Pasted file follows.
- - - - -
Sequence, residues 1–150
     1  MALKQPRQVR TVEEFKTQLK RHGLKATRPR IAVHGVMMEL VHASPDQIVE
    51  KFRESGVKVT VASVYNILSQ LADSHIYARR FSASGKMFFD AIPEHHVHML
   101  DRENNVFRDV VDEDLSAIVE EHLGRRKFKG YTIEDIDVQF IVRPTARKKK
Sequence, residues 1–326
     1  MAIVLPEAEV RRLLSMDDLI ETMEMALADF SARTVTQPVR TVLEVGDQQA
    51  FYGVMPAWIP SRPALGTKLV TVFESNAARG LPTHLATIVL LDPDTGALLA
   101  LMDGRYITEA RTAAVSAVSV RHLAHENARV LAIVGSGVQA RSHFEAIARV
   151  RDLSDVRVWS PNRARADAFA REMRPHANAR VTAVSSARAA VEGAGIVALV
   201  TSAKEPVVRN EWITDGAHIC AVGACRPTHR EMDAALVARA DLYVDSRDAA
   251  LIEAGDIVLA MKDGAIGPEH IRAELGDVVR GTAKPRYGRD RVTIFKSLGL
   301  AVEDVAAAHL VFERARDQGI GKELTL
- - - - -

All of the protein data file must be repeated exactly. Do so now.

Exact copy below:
Sequence, residues 1–150
     1  MALKQPRQVR TVEEFKTQLK RHGLKATRPR IAVHGVMMEL VHASPDQIVE
    51  KFRESGVKVT VASVYNILSQ LADSHIYARR FSASGKMFFD AIPEHHVHML
   101  DRENNVFRDV VDEDLSAIVE EHLGRRKFKG YTIEDIDVQF IVRPTARKKK
Sequence, residues 1–326
     1  MAIVLPEAEV RRLLSMDDLI ETMEMALADF SARTVTQPVR TVLEVGDQQA
    51  FYGVMPAWIP SRPALGTKLV TVFESNAARG LPTHLATIVL LDPDTGALLA
   101  LMDGRYITEA RTAAVSAVSV RHLAHENARV LAIVGSGVQA RSHFEAIARV
   151  RDLSDVRVWS PNRARADAFA REMRPHANAR VTAVSSARAA VEGAGIVALV
   201  TSAKEPVVRN EWITDGAHIC AVGACRPTHR EMDAALVARA DLYVDSRDAA
   251  LIEAGDIVLA MKDGAIGPEH IRAELGDVVR GTAKPRYGRD RVTIFKSLGL
   301  AVEDVAAAHL VFERARDQGI GKELTL